A1c levels are blood test results of a test known as A1c, HbA1c or glycosylated hemoglobin. This test is usually performed to confirm diagnosis of diabetes in addition to a useful tool for doctors to manage diabetes therapy.
The A1c levels are measurement of percentage of excess sugar in the blood which managed to attach to hemoglobin in red blood cells. Under normal circumstances, the A1c level is approximately 5%, meaning about 5% of the sugar is bound or glycated to the hemoglobin. The official or generally accepted definition of diabetes is more than 7% on more than one occasion.
Some consider A1c levels of 5.7 to 6.5% as pre diabetes. People with these A1c levels are at higher risk of developing into diabetes. Vigilant lifestyle changes for those with pre diabetes can slow the progression to diabetes when diabetes therapy will need to be initiated. Exercise and diet control are two very fundamental principles for treating pre diabetes, with emphasis on reducing waist circumferences and sugar intake.
The A1c levels should be checked prior to starting any diabetes therapy and subsequently every quarter until steady A1c levels achieved. Knowing the baseline A1c level will allow setting goals and targets by endocrinologists. Due to the irreversible nature of sugar binding to hemoglobin in red blood cells, the HbA1c test reflects more accurate results when performed at life span of red blood cells, namely about 90days.
In another word, the A1c levels indicate how well sugar or diabetes is managed over the past two to three months. Keeping a record of the A1c results give an idea if the diabetes therapy is effective. The doctor may amend therapy according to the results, either by adding new medication or starting insulin therapy.
To check how the blood sugar is doing on day to day basis, it is recommended to use blood glucose meter rather than the HbA1c test. The A1c levels only tells retrospectively the average control of the blood sugar, not the blood sugar level at real time. These A1c levels are not meant for titration of insulin doses. Proper frequent blood sugar level using blood glucose meter is still the preferred method to adjust insulin doses.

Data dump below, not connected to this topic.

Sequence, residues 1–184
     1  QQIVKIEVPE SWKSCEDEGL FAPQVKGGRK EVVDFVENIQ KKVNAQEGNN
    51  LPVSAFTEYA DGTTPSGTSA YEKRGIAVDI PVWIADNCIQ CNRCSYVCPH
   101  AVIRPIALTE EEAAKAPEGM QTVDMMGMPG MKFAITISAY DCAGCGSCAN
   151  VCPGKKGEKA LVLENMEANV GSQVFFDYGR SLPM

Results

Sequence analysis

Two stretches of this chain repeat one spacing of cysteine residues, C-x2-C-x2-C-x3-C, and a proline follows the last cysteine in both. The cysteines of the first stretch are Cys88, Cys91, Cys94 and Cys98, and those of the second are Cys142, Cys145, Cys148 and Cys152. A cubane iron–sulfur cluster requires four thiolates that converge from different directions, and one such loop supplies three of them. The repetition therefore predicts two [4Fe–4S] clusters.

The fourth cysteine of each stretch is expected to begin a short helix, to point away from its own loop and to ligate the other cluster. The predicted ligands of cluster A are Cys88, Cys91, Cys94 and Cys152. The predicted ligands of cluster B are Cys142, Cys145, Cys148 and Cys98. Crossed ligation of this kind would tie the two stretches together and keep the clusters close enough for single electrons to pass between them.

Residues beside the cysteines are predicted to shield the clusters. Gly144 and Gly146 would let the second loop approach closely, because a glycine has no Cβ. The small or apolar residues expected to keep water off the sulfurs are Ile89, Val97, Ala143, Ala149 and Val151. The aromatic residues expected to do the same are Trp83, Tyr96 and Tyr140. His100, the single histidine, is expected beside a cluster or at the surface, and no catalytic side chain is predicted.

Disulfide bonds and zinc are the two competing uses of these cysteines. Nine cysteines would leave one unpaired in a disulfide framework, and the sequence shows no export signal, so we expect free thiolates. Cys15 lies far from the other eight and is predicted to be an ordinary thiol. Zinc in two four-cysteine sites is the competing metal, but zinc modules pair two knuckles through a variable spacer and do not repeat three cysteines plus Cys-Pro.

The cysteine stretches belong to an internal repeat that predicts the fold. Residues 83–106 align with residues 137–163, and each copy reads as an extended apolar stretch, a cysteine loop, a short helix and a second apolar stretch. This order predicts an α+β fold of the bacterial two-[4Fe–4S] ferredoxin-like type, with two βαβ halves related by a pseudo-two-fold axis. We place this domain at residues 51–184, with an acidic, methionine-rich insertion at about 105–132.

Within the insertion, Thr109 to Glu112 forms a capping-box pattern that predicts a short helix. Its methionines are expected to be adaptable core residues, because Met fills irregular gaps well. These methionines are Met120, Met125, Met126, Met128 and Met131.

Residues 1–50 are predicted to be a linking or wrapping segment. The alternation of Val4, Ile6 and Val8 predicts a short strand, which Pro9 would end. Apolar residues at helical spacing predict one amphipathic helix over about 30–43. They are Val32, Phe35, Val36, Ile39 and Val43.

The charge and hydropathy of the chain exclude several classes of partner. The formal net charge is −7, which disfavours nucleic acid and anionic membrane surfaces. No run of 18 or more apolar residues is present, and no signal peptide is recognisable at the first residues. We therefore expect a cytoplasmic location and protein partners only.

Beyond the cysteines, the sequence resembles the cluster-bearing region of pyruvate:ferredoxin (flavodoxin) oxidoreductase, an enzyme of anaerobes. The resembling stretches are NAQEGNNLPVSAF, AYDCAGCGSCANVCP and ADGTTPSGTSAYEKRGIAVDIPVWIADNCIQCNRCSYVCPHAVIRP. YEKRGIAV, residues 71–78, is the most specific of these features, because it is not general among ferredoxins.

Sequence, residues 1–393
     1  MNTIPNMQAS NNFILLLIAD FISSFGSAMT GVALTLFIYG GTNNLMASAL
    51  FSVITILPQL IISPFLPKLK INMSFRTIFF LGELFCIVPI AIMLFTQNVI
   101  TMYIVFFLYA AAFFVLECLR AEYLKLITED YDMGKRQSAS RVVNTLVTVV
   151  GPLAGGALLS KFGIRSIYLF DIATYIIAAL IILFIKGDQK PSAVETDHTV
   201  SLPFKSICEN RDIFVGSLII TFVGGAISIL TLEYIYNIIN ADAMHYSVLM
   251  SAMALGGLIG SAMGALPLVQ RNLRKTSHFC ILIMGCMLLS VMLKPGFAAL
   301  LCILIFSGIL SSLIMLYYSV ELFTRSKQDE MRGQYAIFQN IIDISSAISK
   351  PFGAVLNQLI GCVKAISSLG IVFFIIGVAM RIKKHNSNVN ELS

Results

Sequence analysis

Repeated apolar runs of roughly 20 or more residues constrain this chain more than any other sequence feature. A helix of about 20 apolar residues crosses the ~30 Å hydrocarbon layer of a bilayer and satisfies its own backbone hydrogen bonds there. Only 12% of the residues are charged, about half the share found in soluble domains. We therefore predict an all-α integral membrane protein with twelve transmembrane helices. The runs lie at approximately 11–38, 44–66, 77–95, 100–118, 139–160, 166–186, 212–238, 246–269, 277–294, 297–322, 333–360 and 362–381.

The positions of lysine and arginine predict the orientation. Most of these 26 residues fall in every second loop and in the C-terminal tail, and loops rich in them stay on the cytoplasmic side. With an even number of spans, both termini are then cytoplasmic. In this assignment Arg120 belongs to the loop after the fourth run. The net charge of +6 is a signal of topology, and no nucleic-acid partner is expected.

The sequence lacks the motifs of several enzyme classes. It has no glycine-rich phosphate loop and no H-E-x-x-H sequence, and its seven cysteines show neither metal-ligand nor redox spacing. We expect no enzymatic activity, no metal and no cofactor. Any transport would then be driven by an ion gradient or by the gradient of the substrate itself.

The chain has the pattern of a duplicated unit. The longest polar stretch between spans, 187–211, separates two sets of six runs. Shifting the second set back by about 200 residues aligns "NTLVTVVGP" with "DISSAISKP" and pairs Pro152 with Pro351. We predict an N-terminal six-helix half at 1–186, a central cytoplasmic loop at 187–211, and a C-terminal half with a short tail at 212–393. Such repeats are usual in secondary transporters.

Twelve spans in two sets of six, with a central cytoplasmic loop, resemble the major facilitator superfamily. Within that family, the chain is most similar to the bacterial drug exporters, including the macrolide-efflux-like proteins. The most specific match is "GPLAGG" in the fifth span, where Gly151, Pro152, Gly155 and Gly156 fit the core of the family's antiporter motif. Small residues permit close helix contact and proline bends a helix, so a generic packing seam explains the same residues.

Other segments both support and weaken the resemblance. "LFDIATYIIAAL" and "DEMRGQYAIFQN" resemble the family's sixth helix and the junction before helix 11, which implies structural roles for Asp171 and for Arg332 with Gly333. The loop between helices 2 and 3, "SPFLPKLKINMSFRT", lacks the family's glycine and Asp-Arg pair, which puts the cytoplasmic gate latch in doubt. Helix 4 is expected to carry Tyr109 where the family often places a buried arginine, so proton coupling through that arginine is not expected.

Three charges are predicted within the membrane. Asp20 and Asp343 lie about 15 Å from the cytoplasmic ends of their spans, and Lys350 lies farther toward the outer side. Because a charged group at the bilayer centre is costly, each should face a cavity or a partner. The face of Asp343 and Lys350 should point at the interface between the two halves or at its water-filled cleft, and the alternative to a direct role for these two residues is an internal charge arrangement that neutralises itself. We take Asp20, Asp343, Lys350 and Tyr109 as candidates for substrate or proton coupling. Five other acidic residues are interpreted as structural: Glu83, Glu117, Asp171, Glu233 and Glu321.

Sometimes, doctor may choose to inform the result as estimated average glucose (eAG) which is calculated from the A1c levels. The eAG paints the picture of average overall blood sugar levels from the A1c levels.
Range of A1C Levels
Keeping A1c levels below 7% is recommended for all with diabetes. This has been shown to reduce heart attack risks, kidney failure, loss of vision as well as numbness of limbs. Uncontrolled diabetes can be reflected in routine A1c levels of more than 9%. Intensive therapy in combination with drastic lifestyle changes will be necessary to combat the high A1c levels.
There should be some understanding that A1c levels are a lagging indicator of the diabetes control. Hence, those with very high A1c levels, it will take some time, possibly up to months before improvement on A1c levels can be accomplished. Take the time to fully execute all the right advices for diet and lifestyle changes and not get disheartened by the slow improvement. Perseverance will help reach the goal A1c level of less than 7%.
Why You Need To Keep Track Of A1c Levels
A1c levels help both doctor and diabetes patients to set targets and review progression of diabetes therapy. The diabetes A1c tests are necessary as part of the diabetes management to ensure minimal diabetes complications.